CM/Spotlight: Infection control — Science-based steps of the cleaning process
Published with permission by the Cleaning Industry Research Institute © 2008.
This is part one of a four-part series on the "Science-based steps of the cleaning process."
Each step contains scientific concepts and principles explaining cleaning''s effectiveness in putting unwanted matter in its proper place.
What is unwanted matter?
Unwanted matter is brought indoors by foot traffic, air deposits, impact, filtration or other outdoor sources.
Basic physics suggests all matter transfers in and out of compartments, such as carpet, hard floors, fabrics and, to some degree, HVAC.
It is carried between compartments by physical displacement, gravitational settling, air current impact or filtration, electro-attraction or direct contact, like tracking.
Substances circulating indoors have different shapes, sizes, chemical compositions, densities, absorption, adsorption and adhesion characteristics.
Dusts are the heterogeneous mixture of these solid particles.
Substances are measured as a micron or micrometer unit. A micrometer (µm) = 1/1,000,000 of a meter.
A micron or micrometer-size particle is about 100 times smaller than a grain of salt.
Particles between 30 and 40 microns are nearly invisible.
Their mass is calculated in grams.
Substances measured as air concentrations are calculated as micrograms (millionth of a gram) per cubic meter of air (µg/m3).
How is matter measured and transferred?
Particle counts measure matter in an environment''s compartment.
Generally, this is irrelevant since our interest is the mass of substance, not the number of microscopic particles.
Consequently, virtually all environmental health information relates to substance mass not particle count.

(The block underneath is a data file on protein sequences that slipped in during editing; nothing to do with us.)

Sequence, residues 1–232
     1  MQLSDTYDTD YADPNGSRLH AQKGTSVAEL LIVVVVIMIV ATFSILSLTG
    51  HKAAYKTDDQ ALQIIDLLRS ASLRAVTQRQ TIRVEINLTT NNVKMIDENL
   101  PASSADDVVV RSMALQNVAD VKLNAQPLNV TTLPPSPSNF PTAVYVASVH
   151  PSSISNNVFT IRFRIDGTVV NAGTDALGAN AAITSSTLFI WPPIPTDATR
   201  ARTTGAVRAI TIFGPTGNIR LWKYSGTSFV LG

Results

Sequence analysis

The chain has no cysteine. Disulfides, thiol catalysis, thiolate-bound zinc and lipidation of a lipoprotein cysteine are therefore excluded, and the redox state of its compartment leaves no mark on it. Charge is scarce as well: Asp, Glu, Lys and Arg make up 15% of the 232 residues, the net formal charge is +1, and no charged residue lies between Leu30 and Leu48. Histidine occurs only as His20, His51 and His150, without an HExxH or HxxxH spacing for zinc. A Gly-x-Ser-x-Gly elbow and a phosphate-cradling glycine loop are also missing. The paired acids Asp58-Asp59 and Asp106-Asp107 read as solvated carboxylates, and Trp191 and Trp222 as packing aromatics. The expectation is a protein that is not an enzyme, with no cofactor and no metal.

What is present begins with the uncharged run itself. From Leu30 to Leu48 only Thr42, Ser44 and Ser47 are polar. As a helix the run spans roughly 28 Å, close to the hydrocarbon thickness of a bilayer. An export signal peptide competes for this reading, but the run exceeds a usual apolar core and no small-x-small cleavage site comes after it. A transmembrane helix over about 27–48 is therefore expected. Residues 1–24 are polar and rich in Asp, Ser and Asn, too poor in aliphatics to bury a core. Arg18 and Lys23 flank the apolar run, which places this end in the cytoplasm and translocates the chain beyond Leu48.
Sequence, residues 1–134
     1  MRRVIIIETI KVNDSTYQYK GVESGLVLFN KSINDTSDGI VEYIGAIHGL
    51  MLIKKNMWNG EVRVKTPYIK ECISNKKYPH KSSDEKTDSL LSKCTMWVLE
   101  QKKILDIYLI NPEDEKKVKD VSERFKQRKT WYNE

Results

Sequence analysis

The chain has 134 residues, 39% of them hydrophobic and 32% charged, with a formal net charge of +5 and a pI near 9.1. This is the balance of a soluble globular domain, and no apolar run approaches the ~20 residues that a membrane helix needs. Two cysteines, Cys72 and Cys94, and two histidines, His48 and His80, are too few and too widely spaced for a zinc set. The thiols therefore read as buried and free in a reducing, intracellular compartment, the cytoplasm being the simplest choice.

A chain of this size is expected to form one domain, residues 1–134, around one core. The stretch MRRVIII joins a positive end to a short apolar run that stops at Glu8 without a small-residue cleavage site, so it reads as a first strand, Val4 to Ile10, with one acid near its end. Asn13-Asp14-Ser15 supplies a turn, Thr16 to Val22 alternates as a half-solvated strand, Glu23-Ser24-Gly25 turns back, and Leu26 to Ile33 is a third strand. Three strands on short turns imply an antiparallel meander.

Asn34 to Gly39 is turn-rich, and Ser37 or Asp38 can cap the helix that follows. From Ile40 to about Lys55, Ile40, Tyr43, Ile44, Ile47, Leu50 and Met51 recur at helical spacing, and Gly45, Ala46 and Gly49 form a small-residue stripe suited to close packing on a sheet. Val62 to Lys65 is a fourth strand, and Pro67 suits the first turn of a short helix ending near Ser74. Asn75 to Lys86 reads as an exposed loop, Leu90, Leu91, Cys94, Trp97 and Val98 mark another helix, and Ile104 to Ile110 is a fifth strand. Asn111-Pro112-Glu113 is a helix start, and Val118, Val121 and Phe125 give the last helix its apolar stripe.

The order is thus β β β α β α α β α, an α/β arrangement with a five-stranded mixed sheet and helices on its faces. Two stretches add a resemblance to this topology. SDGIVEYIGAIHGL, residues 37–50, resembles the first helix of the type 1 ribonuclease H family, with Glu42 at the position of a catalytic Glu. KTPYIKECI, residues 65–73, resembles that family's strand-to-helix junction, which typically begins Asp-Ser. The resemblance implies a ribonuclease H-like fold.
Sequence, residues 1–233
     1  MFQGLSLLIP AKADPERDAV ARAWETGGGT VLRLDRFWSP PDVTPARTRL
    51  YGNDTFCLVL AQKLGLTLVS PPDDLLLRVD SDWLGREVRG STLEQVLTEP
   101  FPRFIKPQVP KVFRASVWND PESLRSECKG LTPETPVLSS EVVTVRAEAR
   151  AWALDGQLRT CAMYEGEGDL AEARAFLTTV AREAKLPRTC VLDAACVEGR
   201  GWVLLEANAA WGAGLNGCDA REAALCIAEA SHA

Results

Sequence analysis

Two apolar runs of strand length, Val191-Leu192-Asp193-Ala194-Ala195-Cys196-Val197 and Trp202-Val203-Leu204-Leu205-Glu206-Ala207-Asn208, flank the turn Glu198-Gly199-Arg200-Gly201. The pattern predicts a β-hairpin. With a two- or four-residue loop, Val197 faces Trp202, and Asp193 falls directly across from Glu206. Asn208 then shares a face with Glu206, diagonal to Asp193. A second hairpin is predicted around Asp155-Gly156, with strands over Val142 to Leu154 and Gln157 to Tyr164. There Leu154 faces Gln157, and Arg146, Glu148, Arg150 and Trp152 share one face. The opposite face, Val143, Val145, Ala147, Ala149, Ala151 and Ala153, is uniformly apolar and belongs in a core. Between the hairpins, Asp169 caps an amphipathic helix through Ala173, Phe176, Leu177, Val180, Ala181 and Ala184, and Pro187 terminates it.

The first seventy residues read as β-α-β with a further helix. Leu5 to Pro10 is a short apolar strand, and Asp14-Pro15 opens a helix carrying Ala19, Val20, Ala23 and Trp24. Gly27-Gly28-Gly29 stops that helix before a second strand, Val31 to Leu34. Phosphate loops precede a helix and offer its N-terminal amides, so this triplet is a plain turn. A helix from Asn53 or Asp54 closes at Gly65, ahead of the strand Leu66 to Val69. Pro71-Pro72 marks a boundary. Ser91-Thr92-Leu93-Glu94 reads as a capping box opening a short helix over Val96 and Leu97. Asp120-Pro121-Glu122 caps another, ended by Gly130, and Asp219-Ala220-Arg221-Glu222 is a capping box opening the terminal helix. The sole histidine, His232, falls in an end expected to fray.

How is matter transferred?
Large, dense substances, such as clay, sand, oils, grass, leaves and some biomass, usually are tracked inside at ground level.
Irregular or porous surfaces tend to collect and hold fast to foreign matter.
Carpet has a large, irregular surface area and strong holding characteristics.
Temporary containment — also known as the trap effect — helps carpet control indoor pollutants.
Carpet dusts commonly are 85 to 95 percent dry soil and are tracked in from outside.
Typically, these dusts are greater than 20 µm.
These larger, denser particles are trapped by carpet close to entrances.
Because of their size and density, once they inhabit the carpet it is unlikely they will return to air.
Matter transfers from air to surfaces through gradual settling, impaction, filtration and electronic attraction.
Generally, large dense particles transfer faster than less dense matter.
Matter transferring from surfaces to air primarily is a function of attractive forces between the matter and its surface.
Matter with multiple contact points is more strongly attracted to the surface and more force is required for displacement.
Denser matter is less buoyant and has greater difficulty re-entering the air.
Without human activity most indoor air matter originates outdoors.
Gravitational settling causes larger, denser airborne substances to sink to the ground or floor faster.
Outdoor sources generally are bigger and fall to the ground rapidly.
Once indoors, they are deposited in the building envelope''s outer regions, like window sills, more than inside.
Large-size substances, such as hair, skin scales and fibers generated by indoor activities, usually settle out rapidly in carpet close to the activity area.
Smaller atmospheric particles (<15 µm) most influence indoor air quality (IAQ).
These particles usually are transported indoors on air currents.
Particles <1 µm are a major component of atmospheric dust.
If they become part of indoor air it takes time for them to settle out, if at all.
Know your surface